Text Features Comprehension Strategy
One such strategy is as simple as addressing text features. Students do not all naturally recognize the features that publishers provide to assist them during reading. These features must be taught (Blachowicz and Fisher, 2006). Although students may be familiar with the aids that publishers provide, they do not always understand the purpose of the aids or what they, as students, should do in response (Robb, Klemp, and Schwartz, 2002). For example, students need to learn the purpose of boldface and italics. These types of print are used to get the reader’s attention and to alert the reader of something important. These types of print often highlight vocabulary, heading, and titles—all elements that help students set learning objectives and ease understanding. Glossaries not only provide useful information about the text, but they also give students practice with dictionary skills. Charts and graphs impart a great deal of information in a graphic and interesting way. However, students often need assistance understanding how to interpret the data and understanding the key. Teaching the textual features is an excellent strategy for middle school students who have likely not encountered many non-fiction textbooks.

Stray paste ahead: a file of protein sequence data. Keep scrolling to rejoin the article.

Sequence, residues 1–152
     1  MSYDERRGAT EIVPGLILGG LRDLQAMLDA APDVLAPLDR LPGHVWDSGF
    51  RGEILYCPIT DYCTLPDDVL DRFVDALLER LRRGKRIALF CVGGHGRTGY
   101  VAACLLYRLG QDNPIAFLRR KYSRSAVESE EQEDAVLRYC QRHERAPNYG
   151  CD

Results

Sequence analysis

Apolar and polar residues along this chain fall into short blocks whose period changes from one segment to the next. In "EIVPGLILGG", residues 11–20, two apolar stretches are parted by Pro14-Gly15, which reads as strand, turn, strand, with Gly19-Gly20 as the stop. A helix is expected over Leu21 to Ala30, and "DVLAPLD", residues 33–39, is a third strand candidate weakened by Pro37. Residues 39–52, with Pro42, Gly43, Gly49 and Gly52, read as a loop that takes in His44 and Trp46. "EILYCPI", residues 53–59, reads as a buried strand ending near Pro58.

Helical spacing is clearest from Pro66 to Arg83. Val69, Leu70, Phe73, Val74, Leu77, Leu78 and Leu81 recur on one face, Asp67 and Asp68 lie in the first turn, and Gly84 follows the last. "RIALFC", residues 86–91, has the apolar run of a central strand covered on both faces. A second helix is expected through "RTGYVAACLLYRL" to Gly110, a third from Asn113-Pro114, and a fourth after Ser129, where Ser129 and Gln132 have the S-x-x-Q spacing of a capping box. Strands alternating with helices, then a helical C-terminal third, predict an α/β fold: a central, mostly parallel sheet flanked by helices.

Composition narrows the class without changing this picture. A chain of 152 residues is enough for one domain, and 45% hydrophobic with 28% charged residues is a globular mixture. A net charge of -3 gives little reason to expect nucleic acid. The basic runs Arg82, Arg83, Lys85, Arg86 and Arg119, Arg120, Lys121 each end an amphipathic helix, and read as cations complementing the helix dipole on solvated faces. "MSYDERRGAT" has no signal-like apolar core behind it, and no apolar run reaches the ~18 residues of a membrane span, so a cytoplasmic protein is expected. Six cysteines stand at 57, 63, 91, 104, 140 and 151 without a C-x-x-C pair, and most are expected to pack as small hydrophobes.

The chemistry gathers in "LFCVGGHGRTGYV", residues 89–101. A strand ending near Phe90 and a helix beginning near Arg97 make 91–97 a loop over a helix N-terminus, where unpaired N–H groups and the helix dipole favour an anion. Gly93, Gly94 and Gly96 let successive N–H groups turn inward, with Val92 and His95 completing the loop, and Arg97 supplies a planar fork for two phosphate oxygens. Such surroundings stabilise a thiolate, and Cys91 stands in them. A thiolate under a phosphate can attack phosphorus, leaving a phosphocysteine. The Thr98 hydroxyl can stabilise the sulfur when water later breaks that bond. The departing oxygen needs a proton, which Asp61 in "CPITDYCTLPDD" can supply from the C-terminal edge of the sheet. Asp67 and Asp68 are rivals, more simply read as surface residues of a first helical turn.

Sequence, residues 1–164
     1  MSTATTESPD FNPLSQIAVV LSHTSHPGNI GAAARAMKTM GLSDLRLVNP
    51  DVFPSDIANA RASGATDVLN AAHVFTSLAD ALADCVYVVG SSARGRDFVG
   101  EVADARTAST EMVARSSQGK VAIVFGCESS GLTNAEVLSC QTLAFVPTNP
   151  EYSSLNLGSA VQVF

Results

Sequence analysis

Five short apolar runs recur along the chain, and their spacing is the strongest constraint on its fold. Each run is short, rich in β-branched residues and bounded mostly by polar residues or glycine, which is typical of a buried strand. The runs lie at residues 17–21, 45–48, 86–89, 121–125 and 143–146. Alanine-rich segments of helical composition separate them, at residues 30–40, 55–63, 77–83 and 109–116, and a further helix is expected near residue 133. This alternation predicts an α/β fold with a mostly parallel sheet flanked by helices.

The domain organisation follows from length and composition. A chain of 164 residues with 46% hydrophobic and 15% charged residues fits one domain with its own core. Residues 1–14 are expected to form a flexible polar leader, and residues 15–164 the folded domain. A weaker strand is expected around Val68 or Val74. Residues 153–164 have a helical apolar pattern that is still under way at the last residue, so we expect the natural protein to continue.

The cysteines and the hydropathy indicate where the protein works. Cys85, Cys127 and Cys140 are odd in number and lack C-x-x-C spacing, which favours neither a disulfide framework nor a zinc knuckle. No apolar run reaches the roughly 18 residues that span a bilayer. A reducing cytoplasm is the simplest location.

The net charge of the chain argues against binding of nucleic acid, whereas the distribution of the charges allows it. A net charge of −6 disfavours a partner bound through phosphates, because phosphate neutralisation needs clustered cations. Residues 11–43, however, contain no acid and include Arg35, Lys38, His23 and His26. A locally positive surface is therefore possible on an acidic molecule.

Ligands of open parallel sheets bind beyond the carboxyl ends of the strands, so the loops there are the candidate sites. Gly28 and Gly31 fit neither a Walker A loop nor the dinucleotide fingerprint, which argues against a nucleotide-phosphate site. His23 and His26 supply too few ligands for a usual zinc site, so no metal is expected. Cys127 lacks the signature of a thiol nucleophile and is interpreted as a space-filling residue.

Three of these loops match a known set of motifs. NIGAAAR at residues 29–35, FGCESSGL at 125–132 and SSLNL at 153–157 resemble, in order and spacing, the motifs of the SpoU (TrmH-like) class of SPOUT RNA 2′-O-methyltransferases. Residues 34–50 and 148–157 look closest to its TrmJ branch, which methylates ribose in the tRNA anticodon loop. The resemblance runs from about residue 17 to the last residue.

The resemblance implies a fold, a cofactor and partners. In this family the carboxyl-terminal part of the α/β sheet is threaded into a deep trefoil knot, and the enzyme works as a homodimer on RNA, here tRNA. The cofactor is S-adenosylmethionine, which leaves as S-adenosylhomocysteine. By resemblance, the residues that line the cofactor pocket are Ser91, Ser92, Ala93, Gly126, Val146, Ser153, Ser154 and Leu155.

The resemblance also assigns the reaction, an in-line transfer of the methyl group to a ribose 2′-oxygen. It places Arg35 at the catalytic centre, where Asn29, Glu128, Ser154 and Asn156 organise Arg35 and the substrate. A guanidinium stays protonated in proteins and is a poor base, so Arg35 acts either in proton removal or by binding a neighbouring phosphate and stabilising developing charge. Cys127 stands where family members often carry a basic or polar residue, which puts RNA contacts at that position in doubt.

(Blachowicz & Fisher, 2006, p.100)